Event Design Part 2: Event Experience and Design Language

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Last week, we shared part one of this two-part Event Design Series: What the Heck is Event Design. This week we dive into Event Experience and Design Language courtesy of Anthony Vade, CED, altMBA. 

Anthony is the Director North America for Event Design Collective GmbH (Event Design Collective is the grownup name of the original startup called Event Model Generation). You can connect with Anthony via LinkedIn.

Agile: An incremental approach to development. Instead of building the entire solution or service at once with large cost and risk, Agile breaks it down into smaller parts for testing and user feedback. It often includes assigning specific cycles called “iterations.” From feedback, the team tweaks the design and functionality so that it provides better results, but never more than necessary to keep investment lean. Recurring events and organizational meetings can be viewed as iterations.

Canvas Thinking: Using visual models to reduce or manage complexity and to create shared mental models.

Canvas Tool: A one-page template summary used to reduce complexity in business, life or society.

Design Facilitation: The skill of facilitating design processes and efforts, such as presenting to stakeholders or conducting design workshops.

Design Thinking: a five-stage method for creative problem solving. The five stages are: 

  • Empathize: Understand the stakeholder and challenge at the core. 
  • Define: Define the problem so all understand and articulate the framework to design within (aka constraint) 
  • Ideate: Develop potential solutions and aggregate team ideas to evaluate their suitability. 
  • Prototype: Build/design solutions that address the problem and/or challenge. 
  • Test: Test designs and repeat steps until the desired outcomes are achieved, effective and easily accessible to all defined stakeholders.

Empathy Map: A visual thinking tool on a single piece of paper that allows a team to analyze and articulate the sensory perceptions, feelings, behaviours and pains and gains of a specific stakeholder; originally developed by Dave Gray at Xplane.com,

Event Canvas: A visual thinking tool on a single piece of paper that allows people to articulate how an event creates value. The Event Canvas was developed by Roel Frissen and Ruud Janssen and can be studied at eventcanvas.org.

Experience Journey: The chronological interactions someone has before, during and after an event. The experience journey of events empowers and shapes the intended change of behaviour at specific moments.

Front-End Development: Front end development is the practice of implementing designs in code to be displayed on the web. Front end developers primarily use HTML, CSS, and JavaScript to code designs. “Front end” refers to the “client side” – e.g. a user’s browser, so front end development is the management of what people see in their browser, and not what goes on in the background with data storage & management (which is called “Back-end” Development).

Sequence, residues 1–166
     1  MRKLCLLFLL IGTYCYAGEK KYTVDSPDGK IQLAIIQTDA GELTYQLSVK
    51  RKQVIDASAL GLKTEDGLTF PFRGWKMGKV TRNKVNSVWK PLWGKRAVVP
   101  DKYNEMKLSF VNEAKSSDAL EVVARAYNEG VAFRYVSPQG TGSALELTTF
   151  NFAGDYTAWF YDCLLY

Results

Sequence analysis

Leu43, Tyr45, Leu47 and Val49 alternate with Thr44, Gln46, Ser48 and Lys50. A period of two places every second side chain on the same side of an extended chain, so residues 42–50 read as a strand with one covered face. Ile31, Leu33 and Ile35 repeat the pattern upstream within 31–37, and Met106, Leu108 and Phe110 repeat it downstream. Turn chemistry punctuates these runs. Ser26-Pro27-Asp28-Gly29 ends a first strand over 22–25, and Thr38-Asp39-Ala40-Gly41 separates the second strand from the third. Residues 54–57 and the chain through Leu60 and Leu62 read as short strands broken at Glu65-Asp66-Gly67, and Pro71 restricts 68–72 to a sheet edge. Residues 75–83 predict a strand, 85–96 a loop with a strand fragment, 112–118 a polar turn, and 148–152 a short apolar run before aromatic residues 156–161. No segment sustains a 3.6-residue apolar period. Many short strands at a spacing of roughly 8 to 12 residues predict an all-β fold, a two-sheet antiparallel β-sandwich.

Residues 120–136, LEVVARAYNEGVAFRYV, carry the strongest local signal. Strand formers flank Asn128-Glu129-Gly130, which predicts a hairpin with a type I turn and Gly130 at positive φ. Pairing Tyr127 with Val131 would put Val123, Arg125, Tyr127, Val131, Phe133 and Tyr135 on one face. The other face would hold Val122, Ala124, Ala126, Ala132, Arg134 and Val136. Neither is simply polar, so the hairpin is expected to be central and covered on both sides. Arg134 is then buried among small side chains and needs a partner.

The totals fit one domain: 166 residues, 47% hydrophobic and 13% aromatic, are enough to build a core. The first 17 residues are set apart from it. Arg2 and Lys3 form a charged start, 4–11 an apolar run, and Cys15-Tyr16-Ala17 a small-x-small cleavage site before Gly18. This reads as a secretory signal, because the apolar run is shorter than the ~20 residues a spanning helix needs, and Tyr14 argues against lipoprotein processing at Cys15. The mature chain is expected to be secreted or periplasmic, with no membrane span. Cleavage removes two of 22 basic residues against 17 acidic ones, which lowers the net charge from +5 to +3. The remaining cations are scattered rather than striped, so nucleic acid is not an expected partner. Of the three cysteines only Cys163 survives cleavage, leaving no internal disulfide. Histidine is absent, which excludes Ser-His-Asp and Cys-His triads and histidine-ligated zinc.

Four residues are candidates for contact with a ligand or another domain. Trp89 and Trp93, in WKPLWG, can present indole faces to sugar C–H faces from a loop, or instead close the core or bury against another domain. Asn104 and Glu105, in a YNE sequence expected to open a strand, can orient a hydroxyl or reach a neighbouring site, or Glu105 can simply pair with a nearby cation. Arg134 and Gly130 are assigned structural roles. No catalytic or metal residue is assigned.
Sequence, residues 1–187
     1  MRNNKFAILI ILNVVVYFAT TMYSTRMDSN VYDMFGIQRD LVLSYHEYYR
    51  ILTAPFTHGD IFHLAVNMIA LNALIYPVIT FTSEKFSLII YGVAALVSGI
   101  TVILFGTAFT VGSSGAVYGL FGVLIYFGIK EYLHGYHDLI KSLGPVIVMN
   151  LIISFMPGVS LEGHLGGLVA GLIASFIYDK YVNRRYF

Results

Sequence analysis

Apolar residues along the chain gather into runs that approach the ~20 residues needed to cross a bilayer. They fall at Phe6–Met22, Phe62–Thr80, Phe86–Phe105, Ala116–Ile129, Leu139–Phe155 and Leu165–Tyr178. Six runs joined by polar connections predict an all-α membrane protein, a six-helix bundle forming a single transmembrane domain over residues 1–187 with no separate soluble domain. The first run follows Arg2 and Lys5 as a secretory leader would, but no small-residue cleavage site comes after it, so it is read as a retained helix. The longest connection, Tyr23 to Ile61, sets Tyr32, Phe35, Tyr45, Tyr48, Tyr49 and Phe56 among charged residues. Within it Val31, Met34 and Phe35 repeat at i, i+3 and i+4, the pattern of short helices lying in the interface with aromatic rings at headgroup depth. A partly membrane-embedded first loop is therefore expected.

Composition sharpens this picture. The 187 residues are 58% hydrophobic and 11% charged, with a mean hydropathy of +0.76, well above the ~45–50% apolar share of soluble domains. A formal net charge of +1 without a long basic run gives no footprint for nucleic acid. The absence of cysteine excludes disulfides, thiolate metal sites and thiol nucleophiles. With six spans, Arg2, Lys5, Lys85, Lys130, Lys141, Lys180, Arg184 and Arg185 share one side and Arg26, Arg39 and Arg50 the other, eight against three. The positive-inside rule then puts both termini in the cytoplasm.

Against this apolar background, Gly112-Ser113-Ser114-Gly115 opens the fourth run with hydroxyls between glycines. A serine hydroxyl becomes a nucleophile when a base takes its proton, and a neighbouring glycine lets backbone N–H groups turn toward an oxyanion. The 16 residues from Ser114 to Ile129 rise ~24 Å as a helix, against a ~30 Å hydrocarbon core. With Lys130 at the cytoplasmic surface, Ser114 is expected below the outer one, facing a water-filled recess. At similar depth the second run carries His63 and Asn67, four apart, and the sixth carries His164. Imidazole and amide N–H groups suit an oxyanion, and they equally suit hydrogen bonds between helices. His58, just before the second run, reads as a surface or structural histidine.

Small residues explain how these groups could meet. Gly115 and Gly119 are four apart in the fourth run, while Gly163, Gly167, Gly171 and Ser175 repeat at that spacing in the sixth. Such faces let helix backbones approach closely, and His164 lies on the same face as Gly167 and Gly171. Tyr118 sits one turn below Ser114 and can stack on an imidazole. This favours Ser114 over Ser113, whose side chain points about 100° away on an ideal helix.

Full Stack Designer: A professional who is well versed in the entire “stack” of the design discipline, including UX discipline, high fidelity UI design and code, front-end and back-end capable, filling the stack.

Instructional Design: The way in which the event enables the stakeholder to learn specific skills, acquire knowledge or develop a desired attitude. 

Iteration: Dividing a product, experience or desired change into smaller pieces, which are developed or designed individually often later combining for improved outcomes.

Overarching Aim: An overarching general statement of the direction where a team needs to go and what it wants to achieve. It is a direction-finding statement without any specific detail.

Prototype: A rough sample of what a product or event design could look like. More prototypes viewed side-by-side will increase the likelihood of choosing the one that would work best. 

Lean UX: A blend of agile principles and design thinking that steers the focus on design deliverables, and instead prioritizes rapid learning & product development. Whereas traditional UX may include rounds of wireframes and design reviews, Lean UX would prioritize the development of a MVP (Minimal Viable Product) to gather user feedback.

Minimal Viable Product (MVP): A product, service or experience developed with only the most important features for the purpose of launching to an early set of users to provide feedback on the product. The goal of the MVP is to save time and resources by incorporating early user feedback before committing more resources for features that users may not care about or even use.

Stakeholder: A person or group of people with an interest or concern in a product, service or event. They choose to create or be part of an event because it is more important to participate, than to not. 

User Experience Design: The practice of affecting the user experience through a user-centered design process, with a focus on usability and making user interfaces easy to understand. User experience design is a broad field containing many subfields like information architecture, research, UI design and more. Contrary to popular belief, user experiences designers cannot design all the possibilities of an end-user’s experience (too subjective and vast), but these professionals can apply a design process to help users complete the most important actions.

User Experience (UX): User Experience is the understanding of a person’s emotions, attitudes, reactions and behaviour during an experience.

User Interface: The medium through which users interact with an experience, product or device. Your mobile screen, the automated checkout kiosks at grocery stories, the keyboard on your laptop and the way Alexa responds to your voice are all examples of user interfaces.

– Your Tycoon, Eryne XO